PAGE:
Dismiss Notice
Join Physics Forums Today!
The friendliest, high quality science and math community on the planet! Everyone who loves science is here!

How to measure high voltage (1500V, very low current) accurately

  1. Aug 28, 2014 #1
    Hi, I have a High Voltage supply on an integrated cirquit board installed in a Pentium I computer, that (in theory) can give a 0-3200 V Bias Supply to a Germanium detector, and only 0-1000V multimeters to test with. I have a Soviet analog multimeter, a cheap new one (digital) and professional-looking Digital Multimeter. Their readings only agree up to a poin (200 V maybe), but they all seem to suggest that the High Voltage Bias Supply that I'm testing is out of order. It worked for over 20 years, but now I can't get a normal spectra with this spectral analyzer anymore.
    I need help diagnosing this plate.

    How can I test High Voltages with very low currents accurately?

    The plate is propriatery, so the manufacturer doesn't include a scheme.
     
  2. jcsd
  3. Aug 28, 2014 #2

    berkeman

    User Avatar

    Staff: Mentor

    You can get a HV probe that works with your DVM -- Fluke 80K-40, for example:

    http://www.specialized.net/Specialized/Fluke-80K40-40kV-High-Voltage-Probe-5296.aspx
     

    Attached Files:

  4. Aug 28, 2014 #3
    That seems to be Waaay out of my budget. Bear in mind: I live in Ukraine, and this is leagacy hardware. Could I perhaps make a voltage divider myself? What would be the correct parameters for it?
     
  5. Aug 28, 2014 #4

    berkeman

    User Avatar

    Staff: Mentor

    I googled How To Make A High Voltage Probe, and got lots of good hits. Maybe try that to see if you find what you want. And please be careful!
     
  6. Aug 28, 2014 #5
    No worries, I *am* very methodical. I am at a point when I need advice from someone with senior experience with bias supplies, and with nuclear electronics with general. The HV seems to be present in a certain checkpoint in the cirquit, when I raise it with the proprietary software, but it never reaches the exit point, and it seems to dissipate shortly after the voltage is raised, never to return. With the charges dissipating so quickly, I cannot diagnose this part of the cirquit reliably. I might have dissipated the charge myself, with the act of measuring it. I cannot tell, if it is a fault in the cirquit, or my actions that cause the problem in the cirquit (No HV). My problem, it seems to me, is not Measuring HV, per se, My problem is not to disturb the cirquit in the process of measuring it, or be able to tell tree from forest.
     
  7. Aug 28, 2014 #6
    How many ohms per volt is your multimeter that has the range of 0 - 1000 volts? For instance if it is 20,000 ohms per volt then on the 0 - 1000 volt scale your meter has a resistance of 20 megohms. For it to show 1000 volts it requires 1000V/20M ohms = 50 uA of current. If you want your meter to read 2K volts full scale put 20 megohms in series with the meter. For 3KV full scale you'll need 40 megohms in series. You can select what voltage the fullscale meter reading corresponds to by selecting the appropriate series resistance.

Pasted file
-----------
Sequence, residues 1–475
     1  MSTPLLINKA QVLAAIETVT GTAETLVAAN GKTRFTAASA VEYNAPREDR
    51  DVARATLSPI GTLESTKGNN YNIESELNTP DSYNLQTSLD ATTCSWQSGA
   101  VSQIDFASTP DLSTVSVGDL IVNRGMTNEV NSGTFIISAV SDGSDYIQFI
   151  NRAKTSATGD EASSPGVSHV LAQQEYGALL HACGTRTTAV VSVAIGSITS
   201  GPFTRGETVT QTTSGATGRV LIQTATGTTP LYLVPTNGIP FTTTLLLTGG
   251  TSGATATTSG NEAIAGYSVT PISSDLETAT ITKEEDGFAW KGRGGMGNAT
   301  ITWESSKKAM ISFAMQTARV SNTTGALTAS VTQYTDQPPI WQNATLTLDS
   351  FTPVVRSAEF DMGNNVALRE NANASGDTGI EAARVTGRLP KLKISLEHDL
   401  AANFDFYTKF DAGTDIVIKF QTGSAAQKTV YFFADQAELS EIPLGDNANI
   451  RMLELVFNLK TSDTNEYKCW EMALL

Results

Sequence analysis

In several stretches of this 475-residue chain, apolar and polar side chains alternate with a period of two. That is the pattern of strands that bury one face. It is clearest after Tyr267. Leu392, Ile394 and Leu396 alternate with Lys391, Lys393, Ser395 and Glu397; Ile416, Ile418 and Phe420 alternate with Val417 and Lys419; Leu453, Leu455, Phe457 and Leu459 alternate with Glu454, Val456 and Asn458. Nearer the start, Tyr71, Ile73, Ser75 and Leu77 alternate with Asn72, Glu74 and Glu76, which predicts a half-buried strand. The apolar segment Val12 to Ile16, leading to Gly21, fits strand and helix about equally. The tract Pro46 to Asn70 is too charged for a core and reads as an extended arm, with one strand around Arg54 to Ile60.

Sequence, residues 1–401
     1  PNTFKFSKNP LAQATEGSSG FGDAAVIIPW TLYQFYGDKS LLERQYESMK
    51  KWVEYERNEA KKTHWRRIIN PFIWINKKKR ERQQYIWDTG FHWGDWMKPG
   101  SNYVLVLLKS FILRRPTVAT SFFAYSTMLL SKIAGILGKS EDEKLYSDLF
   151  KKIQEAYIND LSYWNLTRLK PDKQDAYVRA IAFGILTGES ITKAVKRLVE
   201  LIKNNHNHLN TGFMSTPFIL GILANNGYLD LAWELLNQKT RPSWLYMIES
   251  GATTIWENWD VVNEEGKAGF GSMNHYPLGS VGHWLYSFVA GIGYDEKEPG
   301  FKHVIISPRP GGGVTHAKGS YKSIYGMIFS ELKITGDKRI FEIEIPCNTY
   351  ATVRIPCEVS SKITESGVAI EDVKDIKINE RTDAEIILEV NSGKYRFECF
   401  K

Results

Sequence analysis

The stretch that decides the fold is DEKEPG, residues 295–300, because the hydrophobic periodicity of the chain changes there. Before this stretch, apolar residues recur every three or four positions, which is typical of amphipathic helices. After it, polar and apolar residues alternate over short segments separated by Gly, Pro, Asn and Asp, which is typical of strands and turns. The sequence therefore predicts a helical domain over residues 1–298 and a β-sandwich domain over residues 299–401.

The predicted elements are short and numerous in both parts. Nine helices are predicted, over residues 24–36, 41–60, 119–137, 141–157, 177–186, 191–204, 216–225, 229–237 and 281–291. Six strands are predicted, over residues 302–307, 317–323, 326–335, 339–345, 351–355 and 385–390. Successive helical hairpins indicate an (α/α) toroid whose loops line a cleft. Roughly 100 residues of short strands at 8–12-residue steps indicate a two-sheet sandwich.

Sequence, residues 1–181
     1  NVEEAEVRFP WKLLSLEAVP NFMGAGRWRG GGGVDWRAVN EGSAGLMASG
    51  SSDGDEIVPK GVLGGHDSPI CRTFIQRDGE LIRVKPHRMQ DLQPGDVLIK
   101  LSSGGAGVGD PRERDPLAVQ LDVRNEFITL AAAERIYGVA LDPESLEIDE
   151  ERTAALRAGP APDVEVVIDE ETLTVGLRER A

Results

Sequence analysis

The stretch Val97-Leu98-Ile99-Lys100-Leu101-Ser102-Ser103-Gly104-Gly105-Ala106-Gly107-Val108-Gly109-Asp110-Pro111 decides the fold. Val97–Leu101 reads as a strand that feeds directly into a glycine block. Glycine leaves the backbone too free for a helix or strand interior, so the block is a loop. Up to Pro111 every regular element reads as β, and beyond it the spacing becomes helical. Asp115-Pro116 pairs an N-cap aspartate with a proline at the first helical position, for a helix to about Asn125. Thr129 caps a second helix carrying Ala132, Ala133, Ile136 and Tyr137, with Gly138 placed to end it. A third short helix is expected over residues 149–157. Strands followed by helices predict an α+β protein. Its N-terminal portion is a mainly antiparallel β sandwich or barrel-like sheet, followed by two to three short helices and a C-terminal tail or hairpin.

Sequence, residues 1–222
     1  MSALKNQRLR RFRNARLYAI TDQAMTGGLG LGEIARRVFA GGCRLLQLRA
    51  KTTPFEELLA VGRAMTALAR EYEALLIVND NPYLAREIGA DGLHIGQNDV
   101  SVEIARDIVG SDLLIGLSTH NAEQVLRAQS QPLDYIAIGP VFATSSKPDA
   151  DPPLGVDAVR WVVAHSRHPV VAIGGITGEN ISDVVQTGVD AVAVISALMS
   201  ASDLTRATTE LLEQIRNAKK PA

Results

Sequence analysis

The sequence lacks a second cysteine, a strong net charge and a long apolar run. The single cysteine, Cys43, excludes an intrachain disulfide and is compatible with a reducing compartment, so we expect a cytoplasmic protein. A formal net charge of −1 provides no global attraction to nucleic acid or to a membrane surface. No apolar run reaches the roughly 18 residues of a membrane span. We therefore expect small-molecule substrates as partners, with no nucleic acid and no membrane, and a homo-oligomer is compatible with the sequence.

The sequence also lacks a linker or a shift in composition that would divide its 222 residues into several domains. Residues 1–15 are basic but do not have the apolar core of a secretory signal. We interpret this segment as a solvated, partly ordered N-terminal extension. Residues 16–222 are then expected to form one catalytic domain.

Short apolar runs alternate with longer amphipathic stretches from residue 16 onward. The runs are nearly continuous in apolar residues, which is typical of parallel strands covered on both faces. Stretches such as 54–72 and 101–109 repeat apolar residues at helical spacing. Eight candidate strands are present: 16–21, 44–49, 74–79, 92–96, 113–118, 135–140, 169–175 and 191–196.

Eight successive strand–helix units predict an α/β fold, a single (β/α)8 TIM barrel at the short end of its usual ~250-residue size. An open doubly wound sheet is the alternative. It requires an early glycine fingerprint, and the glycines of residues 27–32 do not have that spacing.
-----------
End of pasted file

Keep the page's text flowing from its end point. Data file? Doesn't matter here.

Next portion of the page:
This assumes of course that you know all the precautions about measuring high voltages.
     
    Last edited: Aug 28, 2014
  8. Aug 28, 2014 #7

    jim hardy

    User Avatar
    Science Advisor
    Gold Member
    2016 Award

  9. Aug 29, 2014 #8
    I think these answers fully cover my question. Thanks.
     
  10. Aug 29, 2014 #9
    (The following shouldn't be taken too seriously)
    I found this funny suggestion on an actual site, dealing with static electricity.



    "Next, use a DC high-voltage power supply with a large current-limiting series resistor to charge your body to 5,000 volts. ( EXTREME DANGER! You MUST limit the current to below a few hundred microamps by using a series resistor chain. If you don't know how to handle high-volt DC power supplies safely, then don't mess with them. IF YOU DO THIS WRONG, IT CAN KILL YOU.)"
     
  11. Aug 29, 2014 #10

    jim hardy

    User Avatar
    Science Advisor
    Gold Member
    2016 Award

    He's right. Those little carbon resistors that have a max voltage in the hundreds will arc over and become a short circuit.
    Never try to measure the 2500 volts in a microwave oven with an everyday meter - it'll blow up.

    Hope we were some help.
     
  12. Aug 30, 2014 #11
    I have done this by stringing a bunch of 1/4W resistors in series, nice straight long chain, heatshrink over the whole thing except the last resistor that you measure across. Design it to limit voltage across each resistor to a conservative level.
     
  13. Aug 30, 2014 #12

    Averagesupernova

    User Avatar
    Science Advisor
    Gold Member

    Reminds me of when I was younger and was working for a manufacturer on CRT monitor assemblies less the CRT. The second anode terminal in this particular test setup was connected to a very heavily insulated alligator clip. About 5000 volts was on this wire and of course current limited. There was enough leakage through this alligator to slowly charge up your body over about 30 seconds provided you were not touching anything that would leak it back off. Anyone who walked by was likely to get a static shock from me.
     
Know someone interested in this topic? Share this thread via Reddit, Google+, Twitter, or Facebook




Similar Discussions: How to measure high voltage (1500V, very low current) accurately
Loading...